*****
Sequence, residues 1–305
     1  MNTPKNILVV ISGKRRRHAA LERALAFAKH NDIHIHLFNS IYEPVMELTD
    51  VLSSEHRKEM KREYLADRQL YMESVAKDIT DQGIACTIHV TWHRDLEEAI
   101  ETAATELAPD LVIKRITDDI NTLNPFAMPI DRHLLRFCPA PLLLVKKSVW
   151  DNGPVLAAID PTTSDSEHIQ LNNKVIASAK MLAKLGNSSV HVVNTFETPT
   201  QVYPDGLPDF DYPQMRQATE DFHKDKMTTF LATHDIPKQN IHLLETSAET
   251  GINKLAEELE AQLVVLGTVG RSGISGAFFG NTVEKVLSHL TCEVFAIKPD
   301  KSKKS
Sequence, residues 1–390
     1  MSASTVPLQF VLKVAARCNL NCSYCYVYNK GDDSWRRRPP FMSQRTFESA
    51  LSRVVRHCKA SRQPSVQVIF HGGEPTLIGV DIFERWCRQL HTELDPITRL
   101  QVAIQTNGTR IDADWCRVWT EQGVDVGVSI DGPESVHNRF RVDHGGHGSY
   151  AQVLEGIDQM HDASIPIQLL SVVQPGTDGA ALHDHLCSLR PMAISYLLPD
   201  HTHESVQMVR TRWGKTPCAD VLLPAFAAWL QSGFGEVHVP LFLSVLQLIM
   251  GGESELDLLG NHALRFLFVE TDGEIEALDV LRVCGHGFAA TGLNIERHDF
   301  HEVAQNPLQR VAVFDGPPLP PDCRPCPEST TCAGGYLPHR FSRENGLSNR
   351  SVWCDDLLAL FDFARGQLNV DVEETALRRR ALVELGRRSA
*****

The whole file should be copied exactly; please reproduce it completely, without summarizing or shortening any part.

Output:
Sequence, residues 1–305
     1  MNTPKNILVV ISGKRRRHAA LERALAFAKH NDIHIHLFNS IYEPVMELTD
    51  VLSSEHRKEM KREYLADRQL YMESVAKDIT DQGIACTIHV TWHRDLEEAI
   101  ETAATELAPD LVIKRITDDI NTLNPFAMPI DRHLLRFCPA PLLLVKKSVW
   151  DNGPVLAAID PTTSDSEHIQ LNNKVIASAK MLAKLGNSSV HVVNTFETPT
   201  QVYPDGLPDF DYPQMRQATE DFHKDKMTTF LATHDIPKQN IHLLETSAET
   251  GINKLAEELE AQLVVLGTVG RSGISGAFFG NTVEKVLSHL TCEVFAIKPD
   301  KSKKS
Sequence, residues 1–390
     1  MSASTVPLQF VLKVAARCNL NCSYCYVYNK GDDSWRRRPP FMSQRTFESA
    51  LSRVVRHCKA SRQPSVQVIF HGGEPTLIGV DIFERWCRQL HTELDPITRL
   101  QVAIQTNGTR IDADWCRVWT EQGVDVGVSI DGPESVHNRF RVDHGGHGSY
   151  AQVLEGIDQM HDASIPIQLL SVVQPGTDGA ALHDHLCSLR PMAISYLLPD
   201  HTHESVQMVR TRWGKTPCAD VLLPAFAAWL QSGFGEVHVP LFLSVLQLIM
   251  GGESELDLLG NHALRFLFVE TDGEIEALDV LRVCGHGFAA TGLNIERHDF
   301  HEVAQNPLQR VAVFDGPPLP PDCRPCPEST TCAGGYLPHR FSRENGLSNR
   351  SVWCDDLLAL FDFARGQLNV DVEETALRRR ALVELGRRSA